2. The Washington Post makes this point: “Florida, the fourth state to vote this primary season, was not only the biggest prize yet, but also the purest test of where the party stands nationally. Unlike earlier primaries in New Hampshire  and South Carolina, Florida’s contest was open only to registered Republicans; about seven in 10 voters identified themselves as somewhat or very conservative, according to exit polls.”

3. Among the key factors in Romney’s win were the debates. ABC News reports that around two-thirds of Florida voters say the debates were an important factor in their vote in yesterday’s primary. In addition, about four in 10 voters said advertising was an important factor in their vote. All told, Newt Gingrich was outspent on TV ads by as much as 5-to-1, with 90 percent of those ads negative. Gingrich was enraged by this and complained throughout the contest, trying to make it a referendum on Romney’s character. Yet as the Post reports, “voters didn’t perceive Romney as overly negative.” Thirty four percent said Romney had run an unfair campaign while an equal 34 percent said the same of Gingrich, according to exit polling.

4. Governor Romney came within a hair’s width of winning three of four states that cast votes in January. Romney won by 16 points in New Hampshire, by 14 points in Florida, and came within 35 votes of winning Iowa (out of roughly 120,000 votes cast). The only election in which he was soundly beaten was in South Carolina, where Gingrich defeated Romney by 12 points. Gingrich, on the other hand, finished fourth, fifth, first, and second in the four contests.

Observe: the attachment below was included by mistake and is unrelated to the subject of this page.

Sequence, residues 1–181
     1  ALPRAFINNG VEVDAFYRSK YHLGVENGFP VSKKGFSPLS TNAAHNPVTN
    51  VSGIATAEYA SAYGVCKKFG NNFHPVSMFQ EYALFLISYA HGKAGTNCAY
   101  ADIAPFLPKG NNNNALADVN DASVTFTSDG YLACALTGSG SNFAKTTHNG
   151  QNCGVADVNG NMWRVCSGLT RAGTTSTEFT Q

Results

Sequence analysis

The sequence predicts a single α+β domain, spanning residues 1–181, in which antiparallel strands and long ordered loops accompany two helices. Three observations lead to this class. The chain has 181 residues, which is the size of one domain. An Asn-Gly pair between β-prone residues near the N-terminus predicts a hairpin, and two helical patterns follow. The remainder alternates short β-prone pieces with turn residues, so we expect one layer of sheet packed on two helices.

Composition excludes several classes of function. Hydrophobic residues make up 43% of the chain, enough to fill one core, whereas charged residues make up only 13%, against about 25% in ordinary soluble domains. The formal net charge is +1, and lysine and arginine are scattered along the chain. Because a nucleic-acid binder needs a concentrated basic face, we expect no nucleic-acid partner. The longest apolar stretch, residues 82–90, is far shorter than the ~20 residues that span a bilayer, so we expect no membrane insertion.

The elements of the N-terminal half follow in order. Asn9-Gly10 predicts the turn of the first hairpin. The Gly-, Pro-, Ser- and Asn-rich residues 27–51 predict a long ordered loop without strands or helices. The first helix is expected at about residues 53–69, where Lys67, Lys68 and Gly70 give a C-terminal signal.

5. The three most important contests in February are held in Arizona, Nevada, and Michigan. In 2008, Romney won the latter two (he came in second to Arizona Senator John McCain that year). Maine, Minnesota and Colorado also hold (non-binding) contests this month, and Romney won those three races in 2008. Romney is also the clear favorite to win in most of the 11 contests that will be held on March 6 (delegates will be rewarded proportionately). It’s also worth noting there’s only one debate on the schedule for February (February 22 in Arizona).

If Mitt Romney were to lose the nomination, he would have to experience an epic collapse, unlike any we have seen. Is it conceivable this could happen? Yes. Is it at all likely it will happen? No.

The GOP primary may not be officially over. But we know who the GOP nominee will be.

Get ready for Romney v. Obama.

 

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Operations in Afghanistan Can’t End Early

The Obama administration seems to think it can stop American combat operations a year earlier than expected—in 2013—while also downsizing the Afghan Security Forces and still strike a peace deal with the Taliban. Only in some alternative universe is this a winning strategy. In the world we actually inhabit it is a recipe for a slow-motion—or maybe not so slow—catastrophe.